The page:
NTL semantically challenged
Broadband definitions we have known
El Reg has been sent a copy of one of ntl's marketing brochures - speed, power and control...introducing ntl broadband internet.
And it makes interesting reading.
Apparently, with ntl broadband internet you just "click on your browser and www.woooosh, you're away".
Sounds terrific, doesn't it - especially since the cableco's "entry-level" broadband package starts as low as £14.99 a month.
Less than fifteen quid a month for broadband? That's brilliant, you say.
Hang on a mo, what's the catch?
There is none, apparently. According to ntl, the fact that it's an "always on" "flat fee" service is enough to give it the handle of "broadband". The fact that this "entry-level" broadband service only delivers speeds of up to 64 Kbps is neither here nor there.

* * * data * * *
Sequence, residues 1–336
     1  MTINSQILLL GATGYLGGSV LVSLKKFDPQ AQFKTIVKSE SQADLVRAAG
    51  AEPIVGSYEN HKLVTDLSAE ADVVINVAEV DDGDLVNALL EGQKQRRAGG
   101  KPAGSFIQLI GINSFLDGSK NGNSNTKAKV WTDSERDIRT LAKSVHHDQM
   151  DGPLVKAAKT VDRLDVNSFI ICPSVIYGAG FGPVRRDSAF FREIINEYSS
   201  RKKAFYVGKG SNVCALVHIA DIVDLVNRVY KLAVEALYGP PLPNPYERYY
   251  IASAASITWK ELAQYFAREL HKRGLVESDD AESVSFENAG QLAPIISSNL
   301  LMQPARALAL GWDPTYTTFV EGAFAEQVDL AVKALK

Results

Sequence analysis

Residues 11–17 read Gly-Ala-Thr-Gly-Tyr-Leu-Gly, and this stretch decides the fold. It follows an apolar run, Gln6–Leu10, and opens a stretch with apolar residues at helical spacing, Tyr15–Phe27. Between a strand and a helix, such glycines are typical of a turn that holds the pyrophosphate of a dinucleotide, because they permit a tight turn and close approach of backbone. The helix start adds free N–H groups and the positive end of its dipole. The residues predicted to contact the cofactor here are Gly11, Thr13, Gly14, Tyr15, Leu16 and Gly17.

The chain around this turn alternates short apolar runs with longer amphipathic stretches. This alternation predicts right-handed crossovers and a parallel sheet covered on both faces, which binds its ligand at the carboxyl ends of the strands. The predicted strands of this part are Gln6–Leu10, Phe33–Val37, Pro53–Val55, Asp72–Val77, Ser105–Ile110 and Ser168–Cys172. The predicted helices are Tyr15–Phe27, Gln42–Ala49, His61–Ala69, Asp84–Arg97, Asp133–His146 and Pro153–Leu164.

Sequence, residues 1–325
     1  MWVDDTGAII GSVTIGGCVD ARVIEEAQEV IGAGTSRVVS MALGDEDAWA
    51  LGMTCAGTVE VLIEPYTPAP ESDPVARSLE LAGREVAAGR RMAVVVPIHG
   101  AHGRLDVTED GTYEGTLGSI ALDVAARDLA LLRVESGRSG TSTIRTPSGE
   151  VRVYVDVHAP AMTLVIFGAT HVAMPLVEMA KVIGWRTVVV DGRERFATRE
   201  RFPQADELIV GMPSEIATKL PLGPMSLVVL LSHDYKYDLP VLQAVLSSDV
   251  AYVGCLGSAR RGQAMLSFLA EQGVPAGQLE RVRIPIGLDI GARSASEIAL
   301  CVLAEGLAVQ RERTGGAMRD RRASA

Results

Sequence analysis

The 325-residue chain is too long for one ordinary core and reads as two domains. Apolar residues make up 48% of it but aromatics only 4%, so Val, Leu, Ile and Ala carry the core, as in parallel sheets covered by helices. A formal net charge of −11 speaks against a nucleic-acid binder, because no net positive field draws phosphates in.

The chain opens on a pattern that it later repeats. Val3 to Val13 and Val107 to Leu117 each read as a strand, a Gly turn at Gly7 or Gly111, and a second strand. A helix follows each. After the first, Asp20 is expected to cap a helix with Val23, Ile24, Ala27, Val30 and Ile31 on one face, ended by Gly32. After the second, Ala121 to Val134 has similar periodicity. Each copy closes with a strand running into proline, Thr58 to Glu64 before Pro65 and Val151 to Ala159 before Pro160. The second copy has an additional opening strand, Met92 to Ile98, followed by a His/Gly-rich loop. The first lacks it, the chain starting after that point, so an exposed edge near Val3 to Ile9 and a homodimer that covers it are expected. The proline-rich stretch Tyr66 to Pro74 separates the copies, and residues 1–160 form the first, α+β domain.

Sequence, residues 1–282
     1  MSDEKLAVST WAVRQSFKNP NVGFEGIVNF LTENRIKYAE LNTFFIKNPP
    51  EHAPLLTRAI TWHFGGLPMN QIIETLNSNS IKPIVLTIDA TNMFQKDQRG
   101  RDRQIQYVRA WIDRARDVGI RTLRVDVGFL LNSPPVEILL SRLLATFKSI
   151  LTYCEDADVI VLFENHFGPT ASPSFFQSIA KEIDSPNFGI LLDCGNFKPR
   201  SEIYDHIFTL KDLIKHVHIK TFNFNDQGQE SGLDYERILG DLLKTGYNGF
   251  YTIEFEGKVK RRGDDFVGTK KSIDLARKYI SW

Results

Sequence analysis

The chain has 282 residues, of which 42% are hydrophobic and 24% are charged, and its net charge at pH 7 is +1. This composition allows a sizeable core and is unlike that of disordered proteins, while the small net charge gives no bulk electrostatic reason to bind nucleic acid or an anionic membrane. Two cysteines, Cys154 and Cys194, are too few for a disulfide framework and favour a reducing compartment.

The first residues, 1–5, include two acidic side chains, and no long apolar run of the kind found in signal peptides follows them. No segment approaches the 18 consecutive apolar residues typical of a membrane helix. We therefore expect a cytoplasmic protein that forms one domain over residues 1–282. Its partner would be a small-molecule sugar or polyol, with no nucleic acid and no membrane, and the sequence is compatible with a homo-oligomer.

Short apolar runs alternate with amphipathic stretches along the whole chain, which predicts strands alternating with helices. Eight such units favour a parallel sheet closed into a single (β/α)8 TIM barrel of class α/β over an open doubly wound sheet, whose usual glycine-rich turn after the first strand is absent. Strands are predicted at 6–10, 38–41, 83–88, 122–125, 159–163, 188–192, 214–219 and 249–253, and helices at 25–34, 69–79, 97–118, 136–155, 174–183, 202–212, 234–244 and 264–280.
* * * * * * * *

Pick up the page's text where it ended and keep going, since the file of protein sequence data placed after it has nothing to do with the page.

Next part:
Enterprising cynics argue that ntl may have just hit upon something here. If the Government, through its telecoms mouthpiece Oftel, were to change the definition of broadband to include all unmetered Net access, the country's broadband problem would be solved at a stroke.
By simply moving the goal posts there'd be millions of "broadband" users and the Government could puff out its chest with pride saying that its policy to make Broadband Britain a centre of excellence had been achieved.
Then again, if you're a bit more of a purist and reckon this "entry-level" broadband service from ntl is a flat-rate narrowband dial-up service in disguise (now you mention it, take away that false moustache and glasses...) then you might just feel a little bit misled. ®
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